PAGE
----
These High-End Instrumentation grants are aimed at helping researchers buy tools costing over $750,000, and NCRR provides up to a total of $2 million per award.

Among the grants announced today, the Brigham and Women’s Hospital in Boston will use its $2 million award to purchase a secondary ion mass spectrometer for quantitative intracellular stable isotope imaging.

Johns Hopkins University in Baltimore, Md., will use its $2 million award to buy a large memory cluster computer at the Institute for Computational Medicine to speed creation and use of computational models and algorithms for disease diagnosis and treatment.

The State University of New York Stony Brook received $851,000 to buy an orbital trap mass spectrometer for use in finding and characterizing proteins and novel diagnostic biomarkers.

The Translational Genomics Research Institute in Phoenix, Ariz., will use its $2 million award to buy supercomputing equipment for translational research aimed at identifying biomarkers for several common diseases.

The University of Minnesota will use its $1.2 million award to buy an automated, high-throughput nanoliter crystallization platform for making crystals from purified protein complexes in studies of Alzheimer’s and other diseases.

The University of Wisconsin – Madison has been awarded $1.7 million to purchase a liquid chromatography, mass spectrometry, and nuclear magnetic resonance spectrometer that it plans to use in metabolic profiling, biomarker discovery, and studies of molecular interactions.

Vanderbilt University in Nashville, Tenn. will use $988,000 to buy a robotic storage and distribution system for a large-scale biobank that will enable exploration of genotype-phenotype relations involved in a range of diseases.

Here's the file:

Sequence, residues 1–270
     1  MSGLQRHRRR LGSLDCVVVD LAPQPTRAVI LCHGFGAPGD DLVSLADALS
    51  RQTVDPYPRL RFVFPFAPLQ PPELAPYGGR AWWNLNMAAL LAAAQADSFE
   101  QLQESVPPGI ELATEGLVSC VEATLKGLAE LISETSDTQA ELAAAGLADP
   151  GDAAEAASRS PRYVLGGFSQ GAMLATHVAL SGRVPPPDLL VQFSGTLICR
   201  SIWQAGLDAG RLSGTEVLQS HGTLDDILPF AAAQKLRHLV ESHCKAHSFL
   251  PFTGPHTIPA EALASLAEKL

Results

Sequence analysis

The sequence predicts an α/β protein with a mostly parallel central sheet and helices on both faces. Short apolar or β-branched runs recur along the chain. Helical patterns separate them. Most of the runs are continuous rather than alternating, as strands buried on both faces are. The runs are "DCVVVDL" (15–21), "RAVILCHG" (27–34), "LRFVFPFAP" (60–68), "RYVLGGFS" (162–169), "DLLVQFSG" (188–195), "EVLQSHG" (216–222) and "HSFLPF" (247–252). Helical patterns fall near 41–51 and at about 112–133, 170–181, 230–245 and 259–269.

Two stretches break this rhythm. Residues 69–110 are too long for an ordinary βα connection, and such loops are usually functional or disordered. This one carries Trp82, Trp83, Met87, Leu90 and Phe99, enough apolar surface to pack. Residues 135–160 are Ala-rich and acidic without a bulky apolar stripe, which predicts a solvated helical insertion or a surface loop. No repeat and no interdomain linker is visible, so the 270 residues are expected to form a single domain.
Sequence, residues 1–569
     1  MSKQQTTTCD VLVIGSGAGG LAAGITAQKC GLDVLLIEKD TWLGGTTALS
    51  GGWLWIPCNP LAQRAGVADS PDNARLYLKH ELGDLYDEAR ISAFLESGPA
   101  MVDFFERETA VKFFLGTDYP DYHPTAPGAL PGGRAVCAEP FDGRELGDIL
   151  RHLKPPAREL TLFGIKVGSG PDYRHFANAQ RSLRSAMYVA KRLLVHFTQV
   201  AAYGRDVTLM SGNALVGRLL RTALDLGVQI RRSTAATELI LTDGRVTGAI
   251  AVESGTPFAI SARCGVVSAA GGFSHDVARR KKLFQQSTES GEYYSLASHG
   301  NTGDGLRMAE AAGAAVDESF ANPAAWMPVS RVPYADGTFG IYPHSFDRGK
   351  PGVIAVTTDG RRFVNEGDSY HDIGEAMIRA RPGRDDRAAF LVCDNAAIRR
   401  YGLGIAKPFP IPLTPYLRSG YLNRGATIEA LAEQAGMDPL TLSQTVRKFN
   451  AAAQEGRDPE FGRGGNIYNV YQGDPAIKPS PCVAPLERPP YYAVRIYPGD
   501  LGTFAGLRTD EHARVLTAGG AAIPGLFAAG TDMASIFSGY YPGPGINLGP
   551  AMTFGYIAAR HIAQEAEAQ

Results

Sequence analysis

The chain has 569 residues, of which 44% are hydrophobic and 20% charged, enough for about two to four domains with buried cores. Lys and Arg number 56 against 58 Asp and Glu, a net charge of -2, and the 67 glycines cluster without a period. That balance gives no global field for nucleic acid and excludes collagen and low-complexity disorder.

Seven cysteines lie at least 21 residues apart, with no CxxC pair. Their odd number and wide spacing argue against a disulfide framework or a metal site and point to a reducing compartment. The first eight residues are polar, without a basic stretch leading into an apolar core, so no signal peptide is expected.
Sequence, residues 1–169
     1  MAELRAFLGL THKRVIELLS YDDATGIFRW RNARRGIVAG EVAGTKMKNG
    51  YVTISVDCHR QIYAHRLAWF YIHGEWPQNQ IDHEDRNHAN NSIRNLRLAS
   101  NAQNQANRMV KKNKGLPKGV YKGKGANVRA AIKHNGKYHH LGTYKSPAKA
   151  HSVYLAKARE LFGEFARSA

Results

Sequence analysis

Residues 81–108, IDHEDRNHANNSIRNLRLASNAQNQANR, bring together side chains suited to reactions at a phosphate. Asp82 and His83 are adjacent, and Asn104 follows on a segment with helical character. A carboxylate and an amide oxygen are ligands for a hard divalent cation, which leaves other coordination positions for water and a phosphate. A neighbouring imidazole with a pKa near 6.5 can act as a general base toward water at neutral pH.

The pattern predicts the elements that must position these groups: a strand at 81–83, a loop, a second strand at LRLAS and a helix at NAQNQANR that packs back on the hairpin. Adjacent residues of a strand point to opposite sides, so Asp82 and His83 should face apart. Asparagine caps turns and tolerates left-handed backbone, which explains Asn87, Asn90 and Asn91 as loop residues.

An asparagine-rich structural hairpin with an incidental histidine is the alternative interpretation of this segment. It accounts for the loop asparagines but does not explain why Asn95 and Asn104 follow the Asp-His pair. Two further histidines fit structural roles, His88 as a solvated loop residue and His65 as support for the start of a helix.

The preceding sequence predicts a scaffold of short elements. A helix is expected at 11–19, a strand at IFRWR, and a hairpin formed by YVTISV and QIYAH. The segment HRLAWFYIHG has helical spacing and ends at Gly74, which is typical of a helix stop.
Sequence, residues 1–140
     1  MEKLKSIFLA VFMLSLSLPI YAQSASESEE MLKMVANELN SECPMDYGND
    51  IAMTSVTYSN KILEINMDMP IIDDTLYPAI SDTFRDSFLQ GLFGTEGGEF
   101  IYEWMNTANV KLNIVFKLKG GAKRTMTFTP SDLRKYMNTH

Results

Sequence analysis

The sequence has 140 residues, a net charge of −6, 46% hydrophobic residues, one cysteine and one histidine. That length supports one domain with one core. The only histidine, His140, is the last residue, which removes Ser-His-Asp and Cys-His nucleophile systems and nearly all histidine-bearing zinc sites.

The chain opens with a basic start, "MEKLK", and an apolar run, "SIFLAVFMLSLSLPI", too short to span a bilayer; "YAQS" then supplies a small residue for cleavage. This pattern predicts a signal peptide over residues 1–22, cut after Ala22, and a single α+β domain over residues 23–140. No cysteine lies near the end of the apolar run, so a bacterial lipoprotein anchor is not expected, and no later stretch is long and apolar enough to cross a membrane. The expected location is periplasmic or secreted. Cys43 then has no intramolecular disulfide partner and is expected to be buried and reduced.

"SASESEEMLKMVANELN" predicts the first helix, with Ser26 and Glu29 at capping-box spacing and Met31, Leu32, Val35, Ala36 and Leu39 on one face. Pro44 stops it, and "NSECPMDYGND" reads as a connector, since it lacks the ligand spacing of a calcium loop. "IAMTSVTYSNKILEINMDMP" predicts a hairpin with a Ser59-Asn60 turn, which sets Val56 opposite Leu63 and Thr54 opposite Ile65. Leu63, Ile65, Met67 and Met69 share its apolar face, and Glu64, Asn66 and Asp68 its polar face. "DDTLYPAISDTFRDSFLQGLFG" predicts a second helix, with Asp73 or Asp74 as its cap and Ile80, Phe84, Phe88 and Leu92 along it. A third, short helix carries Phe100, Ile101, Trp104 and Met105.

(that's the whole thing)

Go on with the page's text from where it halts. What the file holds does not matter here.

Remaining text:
Washington State University in Pullman, Wash., will use the $990,000 award to purchase a high-throughput Fourier transform ion cyclotron resonance mass spectrometer and automated liquid chromatography system for research into protein synthesis.

Washington University in St. Louis, Mo., will use $1.9 million to buy a Fourier transform mass spectrometer for use in researching biomedical conditions. The instrument will be housed in the university’s Resource for Biomedical and Bio-Organic Mass Spectrometry, where it will support research at the Institute of Clinical and Translational Sciences.

UA team using moth protein to seek disease cures

[Source: ALAN FISCHER, Tucson Citizen] - A protein the hawk moth uses to detect odors is leading University of Arizona researchers toward possible therapies for high blood pressure, wound healing, cancer and other human maladies.

Nitric oxide, or NO, a gas produced in all human cells, is involved in many processes that determine how our bodies work, said William R. Montfort, UA professor of biochemistry and molecular biophysics and chemistry.

A protein called soluble guanylyl cyclase, or sGC, interacts with NO to affect areas of physiology including blood pressure, brain memory formation, blood coagulation and cancer metastasis, Montfort said.
With a better understanding of how sGC interacts with NO, researchers are working to develop drugs to resolve such health problems, he said.

"The right compound is a billion dollar compound," he said. "It could help millions of people."
"We have compounds that may lead to drugs and we will be pursuing them with a vengeance," he said. "The regulation of the protein - how you turn it on and turn it off - will be the key.

"We are gearing up to do straight forward drug discovery," he said. "A really useful compound would be one that stimulates sGC and lowers blood pressure or interferes with the metastasis in cancer."

Montfort's team began working with human sGC, but technical problems made research progress slow, he said.